Fertilizer and lime management must be based on the individual grower’s needs
To sustain profitability, growers’ approach to fertilizer and lime management must be based on the unique needs of the farm.
Dr. Matt Kleinhenz, associate professor at The Ohio State University, encourages growers to be proactive in managing soils, fertilizer, and lime, reminding them of how critical it is to get quality input from soil testing labs to develop a cohesive soil management plan and increase profitability.
“At minimum,” he explained, “it is required [by growers] to maximize the return on ever increasing investments in soil, fertilizer, and lime,” he said. By having an individually tailored plan in place, growers will be able to remain compliant with the mounting number of regulations.
pH And Overall Plant Health
Kleinhenz said a soil pH of 6.0 to 7.0 is preferred. The pH level affects nutrient availability, which directly impacts plant health. A pH significantly higher or lower than the preferred range wastes fertilizer, because although nutrients are present, they may not be chemically available to the plant.
Kleinhenz also reminded growers to keep in mind that pH is measured on a log scale. Every change of one whole unit, such as 6.0 to 7.0, is a 10-fold change in hydrogen ion concentration. Therefore, a difference of even a fraction is meaningful.
“Soil pH tends to decrease naturally and with fertilizer application,” he explained, “[Soil pH] can be maintained in the optimal range with a variety of liming materials that vary in particle size, neutralizing power and cost.”
Nutrient Management Goals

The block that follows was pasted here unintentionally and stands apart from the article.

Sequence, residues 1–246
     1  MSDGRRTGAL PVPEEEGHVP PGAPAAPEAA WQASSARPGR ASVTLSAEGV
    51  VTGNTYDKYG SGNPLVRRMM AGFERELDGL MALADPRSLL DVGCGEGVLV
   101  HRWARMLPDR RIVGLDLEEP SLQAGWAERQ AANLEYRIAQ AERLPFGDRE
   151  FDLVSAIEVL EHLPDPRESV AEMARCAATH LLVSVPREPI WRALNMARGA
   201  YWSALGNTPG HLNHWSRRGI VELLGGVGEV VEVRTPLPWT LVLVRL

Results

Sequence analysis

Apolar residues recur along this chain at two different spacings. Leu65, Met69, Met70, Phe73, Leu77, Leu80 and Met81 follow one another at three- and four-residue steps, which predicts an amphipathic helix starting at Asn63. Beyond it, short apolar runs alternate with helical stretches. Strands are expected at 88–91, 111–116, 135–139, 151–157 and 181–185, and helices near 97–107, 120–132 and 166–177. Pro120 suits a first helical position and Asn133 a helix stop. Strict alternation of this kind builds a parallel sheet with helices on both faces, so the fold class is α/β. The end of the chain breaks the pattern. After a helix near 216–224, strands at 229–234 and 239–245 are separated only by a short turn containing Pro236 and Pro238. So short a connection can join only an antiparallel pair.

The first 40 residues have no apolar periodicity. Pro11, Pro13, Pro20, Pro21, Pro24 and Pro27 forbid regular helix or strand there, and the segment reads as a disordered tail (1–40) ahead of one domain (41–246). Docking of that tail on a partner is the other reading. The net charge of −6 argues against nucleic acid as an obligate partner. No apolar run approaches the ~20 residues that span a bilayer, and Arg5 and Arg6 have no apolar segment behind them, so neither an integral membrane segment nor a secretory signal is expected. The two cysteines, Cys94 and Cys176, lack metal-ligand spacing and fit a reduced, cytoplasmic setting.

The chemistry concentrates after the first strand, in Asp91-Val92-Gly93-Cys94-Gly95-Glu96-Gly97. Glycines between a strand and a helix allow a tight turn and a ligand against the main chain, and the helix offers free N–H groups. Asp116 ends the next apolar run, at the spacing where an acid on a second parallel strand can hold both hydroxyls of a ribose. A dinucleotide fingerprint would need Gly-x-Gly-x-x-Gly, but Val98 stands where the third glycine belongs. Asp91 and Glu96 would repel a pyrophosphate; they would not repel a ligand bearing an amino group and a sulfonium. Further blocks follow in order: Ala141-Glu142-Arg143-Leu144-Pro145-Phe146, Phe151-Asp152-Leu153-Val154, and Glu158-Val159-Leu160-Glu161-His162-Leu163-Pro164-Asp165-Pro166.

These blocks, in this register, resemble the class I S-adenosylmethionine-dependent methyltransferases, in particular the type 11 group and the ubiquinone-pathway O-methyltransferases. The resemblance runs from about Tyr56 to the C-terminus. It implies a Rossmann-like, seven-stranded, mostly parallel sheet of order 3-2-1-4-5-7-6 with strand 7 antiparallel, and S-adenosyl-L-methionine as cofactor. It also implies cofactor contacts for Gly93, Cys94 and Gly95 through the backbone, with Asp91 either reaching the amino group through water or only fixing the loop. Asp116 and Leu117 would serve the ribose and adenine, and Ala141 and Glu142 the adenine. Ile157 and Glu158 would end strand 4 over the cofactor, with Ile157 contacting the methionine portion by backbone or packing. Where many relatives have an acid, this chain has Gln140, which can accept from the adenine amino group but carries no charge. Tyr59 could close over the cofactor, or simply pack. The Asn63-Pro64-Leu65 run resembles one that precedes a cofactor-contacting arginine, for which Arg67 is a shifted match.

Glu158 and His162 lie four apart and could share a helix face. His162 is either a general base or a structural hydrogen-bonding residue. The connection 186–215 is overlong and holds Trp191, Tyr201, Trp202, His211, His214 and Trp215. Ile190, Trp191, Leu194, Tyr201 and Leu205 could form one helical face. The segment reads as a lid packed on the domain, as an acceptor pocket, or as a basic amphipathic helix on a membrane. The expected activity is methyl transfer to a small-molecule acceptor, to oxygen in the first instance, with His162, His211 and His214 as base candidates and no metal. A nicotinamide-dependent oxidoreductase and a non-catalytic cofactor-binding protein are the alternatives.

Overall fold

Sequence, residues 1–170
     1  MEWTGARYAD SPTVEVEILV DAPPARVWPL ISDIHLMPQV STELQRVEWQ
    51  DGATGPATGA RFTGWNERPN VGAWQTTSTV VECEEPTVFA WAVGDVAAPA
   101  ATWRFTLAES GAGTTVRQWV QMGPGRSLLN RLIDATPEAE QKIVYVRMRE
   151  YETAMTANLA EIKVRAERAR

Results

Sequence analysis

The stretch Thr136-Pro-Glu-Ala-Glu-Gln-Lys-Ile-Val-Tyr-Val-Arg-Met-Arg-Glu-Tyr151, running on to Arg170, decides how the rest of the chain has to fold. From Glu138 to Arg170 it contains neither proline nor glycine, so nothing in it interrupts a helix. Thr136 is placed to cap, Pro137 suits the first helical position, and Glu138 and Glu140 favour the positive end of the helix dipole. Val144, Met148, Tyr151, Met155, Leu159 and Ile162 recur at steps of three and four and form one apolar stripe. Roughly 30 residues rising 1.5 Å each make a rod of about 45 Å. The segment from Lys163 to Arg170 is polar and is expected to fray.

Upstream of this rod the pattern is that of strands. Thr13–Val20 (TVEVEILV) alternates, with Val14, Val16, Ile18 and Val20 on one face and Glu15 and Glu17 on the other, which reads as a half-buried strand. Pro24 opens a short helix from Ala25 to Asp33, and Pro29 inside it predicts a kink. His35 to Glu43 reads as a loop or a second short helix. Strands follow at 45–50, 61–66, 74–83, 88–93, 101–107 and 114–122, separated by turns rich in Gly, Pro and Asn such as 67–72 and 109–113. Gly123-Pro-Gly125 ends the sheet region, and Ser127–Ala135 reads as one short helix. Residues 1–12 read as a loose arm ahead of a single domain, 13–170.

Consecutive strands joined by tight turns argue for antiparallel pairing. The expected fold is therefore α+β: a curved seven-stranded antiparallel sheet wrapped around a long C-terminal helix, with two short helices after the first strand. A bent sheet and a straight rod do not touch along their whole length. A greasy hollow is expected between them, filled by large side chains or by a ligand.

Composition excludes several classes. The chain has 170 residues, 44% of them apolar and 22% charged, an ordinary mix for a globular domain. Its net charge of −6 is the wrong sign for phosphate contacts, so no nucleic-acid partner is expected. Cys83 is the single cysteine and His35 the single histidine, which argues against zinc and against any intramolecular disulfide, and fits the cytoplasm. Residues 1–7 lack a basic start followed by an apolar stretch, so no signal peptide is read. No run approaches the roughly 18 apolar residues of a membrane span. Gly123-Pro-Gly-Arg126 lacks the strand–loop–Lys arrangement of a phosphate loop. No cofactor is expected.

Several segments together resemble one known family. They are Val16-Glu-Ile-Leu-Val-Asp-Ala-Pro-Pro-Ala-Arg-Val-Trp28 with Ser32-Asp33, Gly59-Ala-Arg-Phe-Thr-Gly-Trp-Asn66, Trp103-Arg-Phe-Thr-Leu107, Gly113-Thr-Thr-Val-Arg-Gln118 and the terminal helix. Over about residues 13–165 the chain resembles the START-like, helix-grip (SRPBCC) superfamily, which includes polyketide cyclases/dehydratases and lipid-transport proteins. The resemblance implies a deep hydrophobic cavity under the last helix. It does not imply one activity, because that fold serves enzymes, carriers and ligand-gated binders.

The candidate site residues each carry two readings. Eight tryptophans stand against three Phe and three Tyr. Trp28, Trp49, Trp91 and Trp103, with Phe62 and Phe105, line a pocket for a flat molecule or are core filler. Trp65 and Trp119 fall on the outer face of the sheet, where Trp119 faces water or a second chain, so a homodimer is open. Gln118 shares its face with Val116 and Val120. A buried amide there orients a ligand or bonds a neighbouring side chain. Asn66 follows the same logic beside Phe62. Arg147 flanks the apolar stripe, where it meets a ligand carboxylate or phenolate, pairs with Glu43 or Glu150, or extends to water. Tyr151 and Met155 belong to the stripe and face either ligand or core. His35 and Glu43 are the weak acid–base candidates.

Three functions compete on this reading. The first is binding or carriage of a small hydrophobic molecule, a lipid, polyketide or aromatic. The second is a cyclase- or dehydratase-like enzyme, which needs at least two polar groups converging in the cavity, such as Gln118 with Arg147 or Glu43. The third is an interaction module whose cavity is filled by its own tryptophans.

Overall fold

By maintaining soil pH in the proper range, growers can then focus on balancing nutrient supplies with crop demand. Three nutrients — nitrogen (N), phosphorus (P), and potassium (K) — are managed most aggressively in production.
“These three elements,” Kleinhenz explained, “command about 99% of everyone’s collective attention in developing and implementing fertilizer programs. The goal is balance. The path is using the right fertilizer, at the right time, at the right rate, and delivered to the right place.”
Fertilizers vs. Crop Protectants
There is more to the story, though, as fertilizer costs are volatile. Kleinhenz noted that growers can spend more money on fertilizers than any other input besides labor.
Unlike controlling insects, weeds, and disease, maintaining a fertilization program is much less predictable.
“Soil fertility goes through boom and bust cycles,” he said. “Nutrient release fluctuates with season, temperature, rotation, and other factors. And, fertilizer availability is affected by soil type.”
Just how many soil types are there? The short answer is “a lot.” According to Kleinhenz, for example, there are more than 1,000 soil types in Pennsylvania and about 400 in Ohio.
“Ultimately,” he concluded, “fertilizer programs may be prescriptive but the prescription can be written only when the farmer’s operation and goals are well known.”
Once you have an accurate nutrient analysis, you can decide what inputs to use, knowing you are delivering only what is needed. KeyPlex offers a wide range of products designed for crops from tomatoes, potatoes, carrots, cole crops and more.